Ferdinand Graf von Zeppelin

Ferdinand Graf von Zeppelin

Probably hardly a shape of aviation history is part of as many legends as Ferdinand Graf von Zeppelin. He was born on July 8, 1838 in Konstanz at the Bodensee. He was educated at the Ludwigsburg Military Academy and the University of Tübingen. He entered the Prussian army in 1858 and went to the United States in 1863 to work as a military observer for the Union army and observed the Civil War. Zeppelin served in the Franco-German War of 1870-1871; he retired in 1891 with the rank of brigadier general. It was quite usual in his noble and high-decorated family, that he chose a military career. And later explored the headwaters of the Mississippi River, and made his first balloon flight while he was in Minnesota . And on August 7, 1869, he was married to his wife Isabe. His military career, however successful, did not run. He, along with others, at that time preferred modern opinions over combat tactics, which brought his career into conflicts with the military authorities. In the age of 52, he was prematurely retired in 1890 for his criticism of the Prussian war office, giving him free time to work on his airship ideas.
Zeppelin now finally found the time to concern himself with his visions to the topic of "Lenkbare Luftschiffe" or "guidable airships". This idea had always pursued him in the last 20 years. It was particularly the success of the airship LA FRANCE, which had very much impressed Zeppelin. In a letter to his king, Zeppelin referred, particularly, to the possibilities of the military use of this technology. A meeting with the military authorities, following on it, did not bring good results for it. The authorities over-estimated the problem of air resistance as substantially higher than it really was.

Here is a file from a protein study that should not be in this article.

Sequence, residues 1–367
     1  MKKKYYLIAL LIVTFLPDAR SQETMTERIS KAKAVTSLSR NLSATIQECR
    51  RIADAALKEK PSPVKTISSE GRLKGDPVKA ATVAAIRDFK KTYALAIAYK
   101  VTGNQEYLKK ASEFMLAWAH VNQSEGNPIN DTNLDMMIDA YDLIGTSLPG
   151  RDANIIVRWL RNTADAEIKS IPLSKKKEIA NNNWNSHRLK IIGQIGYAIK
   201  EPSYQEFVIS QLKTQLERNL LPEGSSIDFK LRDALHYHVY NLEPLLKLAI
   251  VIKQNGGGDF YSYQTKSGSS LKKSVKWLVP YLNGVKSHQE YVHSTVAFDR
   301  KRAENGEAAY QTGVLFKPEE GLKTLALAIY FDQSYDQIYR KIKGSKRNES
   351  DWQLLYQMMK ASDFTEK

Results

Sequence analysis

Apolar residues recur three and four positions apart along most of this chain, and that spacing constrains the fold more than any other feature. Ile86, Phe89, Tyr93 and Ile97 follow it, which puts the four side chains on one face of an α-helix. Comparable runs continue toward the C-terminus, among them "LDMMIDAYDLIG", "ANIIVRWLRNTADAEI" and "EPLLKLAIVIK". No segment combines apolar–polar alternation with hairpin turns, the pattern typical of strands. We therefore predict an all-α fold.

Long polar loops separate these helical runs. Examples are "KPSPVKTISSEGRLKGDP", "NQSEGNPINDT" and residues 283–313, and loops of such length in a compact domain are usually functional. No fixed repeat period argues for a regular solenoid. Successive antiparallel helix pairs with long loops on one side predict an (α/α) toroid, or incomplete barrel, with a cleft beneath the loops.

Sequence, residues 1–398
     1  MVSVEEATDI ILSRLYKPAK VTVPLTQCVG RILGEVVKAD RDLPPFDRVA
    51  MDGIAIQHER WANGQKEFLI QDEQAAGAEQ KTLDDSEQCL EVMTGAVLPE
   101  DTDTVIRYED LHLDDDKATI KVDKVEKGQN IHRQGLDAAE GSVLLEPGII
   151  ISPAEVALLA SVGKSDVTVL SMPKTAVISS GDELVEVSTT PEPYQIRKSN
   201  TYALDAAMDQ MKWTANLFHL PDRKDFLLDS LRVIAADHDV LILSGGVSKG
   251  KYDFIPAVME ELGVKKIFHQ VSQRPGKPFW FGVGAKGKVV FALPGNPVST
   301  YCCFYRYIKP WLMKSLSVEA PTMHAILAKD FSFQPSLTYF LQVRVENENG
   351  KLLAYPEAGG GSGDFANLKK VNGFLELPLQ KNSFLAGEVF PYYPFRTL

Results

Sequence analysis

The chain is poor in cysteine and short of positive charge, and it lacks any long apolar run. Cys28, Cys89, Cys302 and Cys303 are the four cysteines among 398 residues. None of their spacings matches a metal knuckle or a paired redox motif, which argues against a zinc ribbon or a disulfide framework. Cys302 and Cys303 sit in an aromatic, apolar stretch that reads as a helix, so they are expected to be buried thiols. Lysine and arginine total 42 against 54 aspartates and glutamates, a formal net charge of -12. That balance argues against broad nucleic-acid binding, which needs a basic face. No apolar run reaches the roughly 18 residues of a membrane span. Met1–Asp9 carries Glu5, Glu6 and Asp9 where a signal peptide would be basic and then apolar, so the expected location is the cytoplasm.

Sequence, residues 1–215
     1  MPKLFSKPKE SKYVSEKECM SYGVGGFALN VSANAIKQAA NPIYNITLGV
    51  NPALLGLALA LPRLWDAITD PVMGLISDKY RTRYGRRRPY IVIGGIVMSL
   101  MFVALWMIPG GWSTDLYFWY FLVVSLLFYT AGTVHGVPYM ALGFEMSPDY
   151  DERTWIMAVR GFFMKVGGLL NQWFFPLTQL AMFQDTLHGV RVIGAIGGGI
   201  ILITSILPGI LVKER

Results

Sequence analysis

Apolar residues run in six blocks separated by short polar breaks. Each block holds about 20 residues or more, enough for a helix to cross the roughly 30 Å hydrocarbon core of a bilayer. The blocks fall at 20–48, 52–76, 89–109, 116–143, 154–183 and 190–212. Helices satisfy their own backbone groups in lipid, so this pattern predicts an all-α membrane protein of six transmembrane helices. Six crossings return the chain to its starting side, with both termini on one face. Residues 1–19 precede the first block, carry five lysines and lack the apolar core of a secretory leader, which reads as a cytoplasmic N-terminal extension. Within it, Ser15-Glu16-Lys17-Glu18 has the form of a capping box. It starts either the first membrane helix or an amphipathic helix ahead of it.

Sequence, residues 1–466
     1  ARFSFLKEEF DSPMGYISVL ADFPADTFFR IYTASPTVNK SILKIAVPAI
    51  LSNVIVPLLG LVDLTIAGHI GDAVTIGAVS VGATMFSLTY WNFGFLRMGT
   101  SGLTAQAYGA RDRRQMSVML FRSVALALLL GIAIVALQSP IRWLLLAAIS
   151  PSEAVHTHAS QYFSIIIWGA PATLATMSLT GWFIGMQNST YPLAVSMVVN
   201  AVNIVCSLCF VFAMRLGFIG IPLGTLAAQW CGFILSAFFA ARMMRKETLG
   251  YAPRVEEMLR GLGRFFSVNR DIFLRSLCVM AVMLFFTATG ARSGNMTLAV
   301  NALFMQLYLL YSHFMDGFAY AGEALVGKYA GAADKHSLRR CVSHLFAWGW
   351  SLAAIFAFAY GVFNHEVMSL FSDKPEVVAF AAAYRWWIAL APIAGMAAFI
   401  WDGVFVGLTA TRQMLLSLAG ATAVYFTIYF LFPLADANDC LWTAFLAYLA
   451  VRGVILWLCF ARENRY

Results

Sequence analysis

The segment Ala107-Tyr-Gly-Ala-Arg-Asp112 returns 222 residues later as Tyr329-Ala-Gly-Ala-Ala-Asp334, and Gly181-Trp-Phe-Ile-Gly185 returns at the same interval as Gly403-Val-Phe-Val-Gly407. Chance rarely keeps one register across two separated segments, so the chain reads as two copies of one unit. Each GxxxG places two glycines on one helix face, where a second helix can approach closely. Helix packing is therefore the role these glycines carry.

Only in the year 1892, the concrete work on the project began. With the assistance of his engineer, he set up a construction plan for an airship in a period of 2 years. It is to be marked that Zeppelin had no concrete development realizations, or physical data. When he wanted to present his new construction in 1894 to the military officials, it ended in a clear reject. Particularly, the low rate of the missile was criticized.
In 1886 an electrolytic process by which aluminum could be produced in commercial quantities was invented almost simultaneously by Paul Heroult in France and C. M. Hall in the US. The introduction of this light, strong metal during the next few years opened up new possibilities for designers of lighter-than-air craft. One of whom was Ferdinand Graf von Zeppelin. The design used by Zeppelin was a tubular aluminum frame, but instead if covering it with sheets of metal, he made a fabric cover not intended to be gas-tight. The gas was enclosed in bags in compartments of the hull separated by transverse aluminum girders.
In the year 1895 its missile under the designation "Luftzug" or "draft of air" was patented. One year later the VDI (Verein Deutscher Ingenieure or association of German engineers) was convinced of the plans of Graf Zeppelin. The association started a campaign for the support of Zeppelin?s projects. Thereupon, Zeppelin created in January 1898, the "Gesellschaft zur Förderung der Luftschiffahrt" (society for the promotion of the Air-Navigation). From this point on, the development preceded rapidly. In 1899, the first bug rings were already installed. In the spring of the same year, the building of the legendary "schwimmenden Halle" (swimming hall) began in one cell with Friedrichshafen. A young engineer named Ludwig Dürr led the assembly of the first Zeppelins.
Zeppelin had spent nearly a decade working on his dirigible prior to his flight in 1900. The ship was known as the LZ-1 and was 128 meters long and resembled a sausage shaped balloon. It was created by combining the aerodynamics of kites with the aerodynamics of a balloon. Built in a floating shed on Lake Constance near Friedrichshafen, LZ-1 had two passenger cars and two 14.7-horse-power gasoline engines. From the hangar on the Bodensee, a raft was pulled, on which the LZ-1 was situated. A short time later, the ship rose into air. The first flight should take 18 minutes. "Count von Zeppelin, a stout 62-year-old ex-cavalry commander with a white walrus mustache, twinkling eyes and a white yachting cap perched on his round